The corn figure, for the record, was a healthy 1.47m tonnes.
Firm exports vs bumper yield
There was some disagreement over what the data mean.
Mr Lardy said that “inspections for soybeans were right on the USDA number” for2015-16, implying the USDA will not have to adjust its US export forecast for the season, of 1.88bn bushels.
But Benson Quinn Commodities, citing other data too, such as Census export statistics, said that the USDA should, in next week’s monthly Wasde crop report, “raise 2015-16 exports to near 1.940bn bushels”.
That in turn should “should lower US old crop soybean carryout to the neighbourhood of 200m bushels from August’s 255m bushels”, and go some way, through demand, to countering the talk of extra supplies from what is expected to be a huge harvest yield this year.
“Such a change nullifies a 50.1 bushels-per-acre yield somewhat,” the broker said, referring to the FCStone yield estimate unveiled late on Friday, and a figure well above the USDA’s current 48.9 bushels-per-acre estimate.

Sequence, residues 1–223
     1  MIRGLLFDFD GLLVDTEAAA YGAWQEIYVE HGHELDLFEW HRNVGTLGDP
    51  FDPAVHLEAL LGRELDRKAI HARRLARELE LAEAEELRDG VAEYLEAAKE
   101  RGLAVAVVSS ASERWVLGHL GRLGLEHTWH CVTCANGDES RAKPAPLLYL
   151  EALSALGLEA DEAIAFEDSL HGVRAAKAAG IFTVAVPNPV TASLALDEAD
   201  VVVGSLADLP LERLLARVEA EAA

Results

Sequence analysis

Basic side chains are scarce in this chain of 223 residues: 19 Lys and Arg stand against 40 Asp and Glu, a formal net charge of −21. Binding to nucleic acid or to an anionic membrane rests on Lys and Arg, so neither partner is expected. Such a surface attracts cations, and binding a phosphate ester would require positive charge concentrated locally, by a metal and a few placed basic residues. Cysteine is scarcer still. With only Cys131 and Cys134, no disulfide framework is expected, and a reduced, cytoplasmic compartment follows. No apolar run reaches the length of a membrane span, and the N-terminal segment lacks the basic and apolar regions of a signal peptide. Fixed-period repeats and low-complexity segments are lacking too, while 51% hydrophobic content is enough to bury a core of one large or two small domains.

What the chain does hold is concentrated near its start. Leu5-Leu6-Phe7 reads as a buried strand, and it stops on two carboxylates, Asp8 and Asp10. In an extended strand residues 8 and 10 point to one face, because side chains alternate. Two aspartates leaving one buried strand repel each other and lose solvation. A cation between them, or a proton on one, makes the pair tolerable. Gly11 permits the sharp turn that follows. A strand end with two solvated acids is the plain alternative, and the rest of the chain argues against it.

‘Already priced in’
And Chicago soybean futures indeed put in a strong showing in early deals, rising by 0.9% to $9.68 a bushel for November delivery, as of 09:20 UK time (03:20 Chicago time).
That regained the contract its 20-day moving average, and indeed just ahead of its 200-day line too, at 9.67 ½ a bushel.
Corn, lacking such ecstatic demand talk, could not manage headway, managed more modest headway of 0.1% to $3.28 ¾ a bushel for December delivery, comfortably above its contract low of $3.14 ¾ a bushel set last week.